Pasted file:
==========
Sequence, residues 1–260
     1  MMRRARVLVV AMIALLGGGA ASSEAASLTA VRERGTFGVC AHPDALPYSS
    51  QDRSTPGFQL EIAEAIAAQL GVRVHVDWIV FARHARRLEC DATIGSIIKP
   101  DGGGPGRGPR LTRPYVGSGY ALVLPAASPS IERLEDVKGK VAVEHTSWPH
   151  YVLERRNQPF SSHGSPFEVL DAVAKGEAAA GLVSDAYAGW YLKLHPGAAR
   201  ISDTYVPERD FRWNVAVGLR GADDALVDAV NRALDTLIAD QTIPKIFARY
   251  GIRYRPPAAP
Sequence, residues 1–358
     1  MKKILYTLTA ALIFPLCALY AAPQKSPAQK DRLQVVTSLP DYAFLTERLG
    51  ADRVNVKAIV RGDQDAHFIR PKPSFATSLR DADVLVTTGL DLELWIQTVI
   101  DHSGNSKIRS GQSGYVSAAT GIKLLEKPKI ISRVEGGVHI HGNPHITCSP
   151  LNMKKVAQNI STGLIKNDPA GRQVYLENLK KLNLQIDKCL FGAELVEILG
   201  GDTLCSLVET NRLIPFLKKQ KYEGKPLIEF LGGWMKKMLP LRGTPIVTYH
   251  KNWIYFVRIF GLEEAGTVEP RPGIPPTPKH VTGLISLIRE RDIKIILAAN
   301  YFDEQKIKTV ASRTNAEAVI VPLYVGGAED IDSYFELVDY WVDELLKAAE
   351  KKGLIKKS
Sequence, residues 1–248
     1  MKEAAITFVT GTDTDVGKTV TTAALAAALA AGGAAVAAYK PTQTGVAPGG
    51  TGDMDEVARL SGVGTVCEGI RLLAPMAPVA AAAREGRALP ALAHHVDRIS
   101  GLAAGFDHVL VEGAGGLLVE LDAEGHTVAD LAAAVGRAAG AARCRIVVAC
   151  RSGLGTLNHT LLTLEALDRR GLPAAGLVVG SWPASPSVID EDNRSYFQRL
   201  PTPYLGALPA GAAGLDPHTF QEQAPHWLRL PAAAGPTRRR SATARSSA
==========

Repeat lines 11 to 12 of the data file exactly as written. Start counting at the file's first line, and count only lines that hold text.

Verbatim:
   101  DHSGNSKIRS GQSGYVSAAT GIKLLEKPKI ISRVEGGVHI HGNPHITCSP
   151  LNMKKVAQNI STGLIKNDPA GRQVYLENLK KLNLQIDKCL FGAELVEILG